The fruits of such a mantra played out in one recent investigation into the financials behind drug trafficking related to the Sinoloa cartel in Mexico, she said, noting that though that was the chief aim of the investigation, it ended up uncovering a massive political corruption scheme tied to the head of a large teachers’ union.

Some of the other suggestions to bolster the US response to criminal and other groups are:

 

  • Dedicate more financial, human, and technological resources to government agencies, like financial intelligence units, responsible for investigating and prosecuting terrorist financing, money laundering and other financial crimes.
  • Enhance U.S. and international financial intelligence and information sharing to combat terrorism, crime and corruption.
  • Retain the Afghan threat finance cell and consider establishing new threat finance cells to counter emerging threats such as ISIL to conduct more effective targeting.
  • Maintain a vigorous designation and sanctions regime against state sponsors of terrorism, foreign terrorist organizations, transnational criminal organizations, foreign narcotics kingpins and specially designated nationals.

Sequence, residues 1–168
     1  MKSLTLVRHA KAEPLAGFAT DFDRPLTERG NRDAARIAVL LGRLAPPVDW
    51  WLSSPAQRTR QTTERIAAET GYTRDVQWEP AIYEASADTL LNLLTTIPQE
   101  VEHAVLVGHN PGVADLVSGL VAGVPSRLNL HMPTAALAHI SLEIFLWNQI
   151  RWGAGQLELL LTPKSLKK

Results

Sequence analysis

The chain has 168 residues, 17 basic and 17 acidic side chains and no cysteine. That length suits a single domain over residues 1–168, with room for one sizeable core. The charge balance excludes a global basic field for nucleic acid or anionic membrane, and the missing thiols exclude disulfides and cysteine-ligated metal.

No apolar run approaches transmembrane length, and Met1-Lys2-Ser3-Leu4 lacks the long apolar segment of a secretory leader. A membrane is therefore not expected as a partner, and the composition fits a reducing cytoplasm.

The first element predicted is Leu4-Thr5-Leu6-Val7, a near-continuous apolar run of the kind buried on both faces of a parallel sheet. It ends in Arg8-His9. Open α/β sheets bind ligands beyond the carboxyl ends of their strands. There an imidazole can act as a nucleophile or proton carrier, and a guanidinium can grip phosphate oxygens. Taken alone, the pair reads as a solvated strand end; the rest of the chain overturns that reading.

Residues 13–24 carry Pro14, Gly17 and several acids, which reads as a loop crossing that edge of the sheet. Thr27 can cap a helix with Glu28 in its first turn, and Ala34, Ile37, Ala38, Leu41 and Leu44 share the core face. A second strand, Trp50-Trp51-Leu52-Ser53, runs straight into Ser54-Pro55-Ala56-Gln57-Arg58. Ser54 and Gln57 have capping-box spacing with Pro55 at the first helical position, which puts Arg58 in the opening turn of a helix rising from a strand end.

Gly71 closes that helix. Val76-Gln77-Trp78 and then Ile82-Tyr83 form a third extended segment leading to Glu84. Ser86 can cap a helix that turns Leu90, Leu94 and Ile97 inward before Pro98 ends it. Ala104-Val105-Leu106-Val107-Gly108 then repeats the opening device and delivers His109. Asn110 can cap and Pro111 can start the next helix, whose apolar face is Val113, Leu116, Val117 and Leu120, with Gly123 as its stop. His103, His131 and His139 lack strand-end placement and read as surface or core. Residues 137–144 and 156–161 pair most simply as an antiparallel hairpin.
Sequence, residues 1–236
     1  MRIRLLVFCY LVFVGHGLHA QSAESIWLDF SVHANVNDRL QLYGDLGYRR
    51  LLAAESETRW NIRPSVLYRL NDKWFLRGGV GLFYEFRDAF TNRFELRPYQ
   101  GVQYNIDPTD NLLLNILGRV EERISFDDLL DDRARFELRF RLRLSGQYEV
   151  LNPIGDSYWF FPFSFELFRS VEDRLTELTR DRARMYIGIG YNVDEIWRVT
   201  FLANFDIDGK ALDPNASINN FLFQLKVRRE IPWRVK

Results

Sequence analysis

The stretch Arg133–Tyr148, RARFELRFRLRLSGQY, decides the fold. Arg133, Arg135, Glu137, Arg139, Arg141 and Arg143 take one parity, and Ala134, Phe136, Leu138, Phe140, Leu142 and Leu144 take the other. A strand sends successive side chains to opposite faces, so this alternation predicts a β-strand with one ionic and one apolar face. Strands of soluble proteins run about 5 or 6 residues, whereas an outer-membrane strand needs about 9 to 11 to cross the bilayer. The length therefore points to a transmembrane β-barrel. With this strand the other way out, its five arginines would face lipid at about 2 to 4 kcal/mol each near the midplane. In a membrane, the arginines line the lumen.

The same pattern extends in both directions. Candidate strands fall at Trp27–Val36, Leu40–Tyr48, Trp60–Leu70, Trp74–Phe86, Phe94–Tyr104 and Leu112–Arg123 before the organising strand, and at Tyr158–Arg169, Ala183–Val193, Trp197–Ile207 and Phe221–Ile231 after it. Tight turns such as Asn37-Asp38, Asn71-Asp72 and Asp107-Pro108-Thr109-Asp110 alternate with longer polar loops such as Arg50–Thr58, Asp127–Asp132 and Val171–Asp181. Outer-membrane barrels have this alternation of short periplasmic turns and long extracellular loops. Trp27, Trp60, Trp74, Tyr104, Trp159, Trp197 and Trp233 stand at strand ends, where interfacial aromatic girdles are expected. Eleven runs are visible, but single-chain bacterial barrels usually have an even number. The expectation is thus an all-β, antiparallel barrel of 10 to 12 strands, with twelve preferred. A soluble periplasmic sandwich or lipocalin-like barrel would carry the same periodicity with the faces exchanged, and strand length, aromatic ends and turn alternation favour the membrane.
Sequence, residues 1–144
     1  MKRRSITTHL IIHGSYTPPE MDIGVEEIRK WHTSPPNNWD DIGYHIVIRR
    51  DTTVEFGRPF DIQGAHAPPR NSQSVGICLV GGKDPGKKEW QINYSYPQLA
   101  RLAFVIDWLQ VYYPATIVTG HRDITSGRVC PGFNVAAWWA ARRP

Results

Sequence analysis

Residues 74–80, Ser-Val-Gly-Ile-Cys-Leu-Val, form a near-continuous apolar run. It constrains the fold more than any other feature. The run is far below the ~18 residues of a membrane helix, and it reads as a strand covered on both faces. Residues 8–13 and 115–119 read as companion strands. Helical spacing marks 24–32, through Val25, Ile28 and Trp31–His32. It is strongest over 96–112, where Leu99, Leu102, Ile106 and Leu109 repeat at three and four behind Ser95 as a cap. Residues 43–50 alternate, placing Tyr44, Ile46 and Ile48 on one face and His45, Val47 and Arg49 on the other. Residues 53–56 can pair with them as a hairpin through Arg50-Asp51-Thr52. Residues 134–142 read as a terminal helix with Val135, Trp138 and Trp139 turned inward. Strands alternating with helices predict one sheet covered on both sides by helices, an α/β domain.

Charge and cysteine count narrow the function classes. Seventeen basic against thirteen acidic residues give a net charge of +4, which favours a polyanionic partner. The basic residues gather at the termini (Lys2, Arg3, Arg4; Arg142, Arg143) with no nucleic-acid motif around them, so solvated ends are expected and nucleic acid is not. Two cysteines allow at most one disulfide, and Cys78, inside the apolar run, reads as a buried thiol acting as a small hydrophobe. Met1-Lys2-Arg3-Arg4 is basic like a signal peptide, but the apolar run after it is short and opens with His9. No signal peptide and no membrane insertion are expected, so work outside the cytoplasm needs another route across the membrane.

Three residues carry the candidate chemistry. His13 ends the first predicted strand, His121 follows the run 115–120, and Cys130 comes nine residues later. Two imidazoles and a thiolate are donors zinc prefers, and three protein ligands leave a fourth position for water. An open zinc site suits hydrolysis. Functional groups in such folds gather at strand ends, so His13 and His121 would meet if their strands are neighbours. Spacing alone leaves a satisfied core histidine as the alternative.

• Revive the Terrorist Finance Working Group, established in the wake of the tragic September 11, 2001 attacks, to coordinate U.S. government efforts to combat terrorist financing via designations, the enforcement of sanctions and technical assistance and capacity building programs.
  • Promote public-private partnerships; raise awareness among bank and non-bank financial institutions of emerging trends in money laundering and terrorist financing to empower the private sector to serve as the eyes and ears of governments to detect financial crimes.
  • Anticipate how new financial innovations, services, technology could possibly be used and abused by terrorists and criminals to finance their operations.

Although terrorist organizations and criminal actors have different motives in their quest for finances, these groups may cooperate with each other in order to achieve their own objective, Fitzpatrick stated in a blog post related to the hearing.

Beyond individual anecdotes and case studies, a 2014 network analysis by the Combating Terrorism Center at West Point suggests that criminal and terrorist groups may be highly interconnected, he said.

“Terrorist groups have become entwined with trans-national criminal syndicates or, in some cases, evolving into the role themselves – engaging in criminal activities which yield greater profits than simply relying on state sponsorship or big pocket donors,” Fitzpatrick said in the statement.

“These activities range from, but are not limited to, corruption, drug trafficking, human smuggling and extortion. It is this type of connection – the intersection between terrorism, crime and corruption” that should be weighed against the “current techniques being used by these groups, effectiveness of the current U.S. policy in combatting them, and where these tactics can be improved upon.”